Many years ago, I was made aware of Maslow’s stages of competence; how, as we learn, we progress through stages of Incompetence beginning with being unconscious that we are incompetent, progressing to being, in Maslow’s terms, Unconsciously Competent – so competent that we don’t even need to think about the tasks we perform.
What has always interested me, though, is just how close Unconsciously Competent is to Unconsciously Incompetent. It is my feeling that we need to remind ourselves of our competence, and there is no better way than through small challenges which test our skills and knowledge. Although we would ideally like to sail through life and work with no problems, (and of course major life events and challenges can induce huge stress and pressure) on reflection, once we have traversed these issues we may see that those challenges also provided us with huge opportunities for learning and growth.
I have three quite different examples from my own working practice which illustrated this to me over my years as a practitioner
1. Chaos in a session As a young woman I ran drama based workshops in a Pupil Referral Unit (for children excluded from Mainstream education). I thought it would be great fun early on in the programme to have a laugh with some very complicated Tongue Twisters. Quite quickly the session descended into chaos with terrible behaviour from participants. Later I discovered that many of them had trouble reading, and my introduction had brought great shame and discomfort to them and they preferred to misbehave than to be exposed in front of the group. Huge lesson as a young practitioner. Outcome 1: I learned to always ask who is comfortable to read and 2: became a more sensitive and aware (conscious), and better practitioner.
2. Refusal to participate My workshops using imagination and play can sometimes be, initially quite confronting for people as they don’t know what is coming and it is rare as an adult to feel out of control. Mostly this is easily and quickly dispelled as participants are soon so involved in the session that they quickly forget any misgivings they had at the outset. I had a participant who was required by work to attend but was quite horrified by the prospect of having to “play” in front of his colleagues and removed himself to stare at his phone. When the others were engaged in an activity, I went and spoke to him quietly and, listened to his concerns, and then gently encouraged him back into the group. To his credit, he then participated fully in the rest of the session and even had a good time. Outcome/perception: It is my experience and competence which enables me to run the group and support a reluctant participant, yet it is the challenge which enables me to continue to hone my competence and remain a practitioner of quality.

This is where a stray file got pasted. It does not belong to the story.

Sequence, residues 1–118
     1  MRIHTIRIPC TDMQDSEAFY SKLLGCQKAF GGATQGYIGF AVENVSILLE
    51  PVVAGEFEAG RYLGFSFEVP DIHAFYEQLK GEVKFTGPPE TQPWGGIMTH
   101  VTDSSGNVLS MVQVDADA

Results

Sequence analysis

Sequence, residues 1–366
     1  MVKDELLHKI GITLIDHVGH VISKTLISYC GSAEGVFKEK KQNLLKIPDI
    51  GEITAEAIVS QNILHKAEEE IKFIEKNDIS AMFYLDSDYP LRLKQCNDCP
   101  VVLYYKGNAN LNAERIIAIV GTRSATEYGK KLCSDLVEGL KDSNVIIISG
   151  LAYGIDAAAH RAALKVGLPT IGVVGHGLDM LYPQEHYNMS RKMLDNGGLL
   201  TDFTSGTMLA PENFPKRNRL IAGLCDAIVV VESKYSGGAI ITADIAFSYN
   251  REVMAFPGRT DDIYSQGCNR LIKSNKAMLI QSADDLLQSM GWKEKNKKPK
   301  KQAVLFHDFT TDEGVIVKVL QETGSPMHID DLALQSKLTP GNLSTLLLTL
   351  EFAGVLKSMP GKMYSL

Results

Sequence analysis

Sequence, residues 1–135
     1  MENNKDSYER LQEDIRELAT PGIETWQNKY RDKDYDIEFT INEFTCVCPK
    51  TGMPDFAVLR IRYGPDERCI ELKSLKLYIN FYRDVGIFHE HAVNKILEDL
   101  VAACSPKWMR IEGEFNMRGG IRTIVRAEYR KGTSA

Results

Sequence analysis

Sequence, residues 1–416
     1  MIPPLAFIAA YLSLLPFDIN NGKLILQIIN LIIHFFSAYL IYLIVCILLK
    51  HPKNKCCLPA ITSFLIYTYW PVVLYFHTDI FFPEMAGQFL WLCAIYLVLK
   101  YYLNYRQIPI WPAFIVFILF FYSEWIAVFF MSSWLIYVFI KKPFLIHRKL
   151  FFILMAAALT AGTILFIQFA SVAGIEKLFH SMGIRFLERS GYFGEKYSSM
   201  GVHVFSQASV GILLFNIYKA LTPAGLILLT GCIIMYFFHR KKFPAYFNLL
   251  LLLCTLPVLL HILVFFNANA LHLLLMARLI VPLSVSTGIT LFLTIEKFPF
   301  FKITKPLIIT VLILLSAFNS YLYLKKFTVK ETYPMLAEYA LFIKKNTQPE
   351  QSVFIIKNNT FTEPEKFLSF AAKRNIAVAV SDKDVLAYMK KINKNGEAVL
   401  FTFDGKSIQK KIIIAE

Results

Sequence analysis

3. Out of my Comfort Zone – mistakes can improve our competence! I recently was approached to run a session which I was keen to accept as it was via a recommendation. I was distracted by life’s general events and massively undercharged for the event and also was stricken by the thought of a 2 hour drive on a busy motorway as I have always told myself motorway driving is “not my thing” I am not confident at it. I addressed the first issue quickly. Don’t agree to pricing when distracted! If the customer is happy they will have us back for repeat business so that is a lesson learned. The motorway drive was another illumination. I can drive, I can read signs and listen to instructions on SAT NAV. In short, I was inhabiting an irrelevant story about my driving incompetence which is not true and thus through challenging it was able to be aware of my competence. I feel we should maintain an honest dialogue with ourselves, particularly through the moments when we feel we have made a mistake. Far from causing shame, these might be the best opportunities to make us the best, most competent version of our working selves.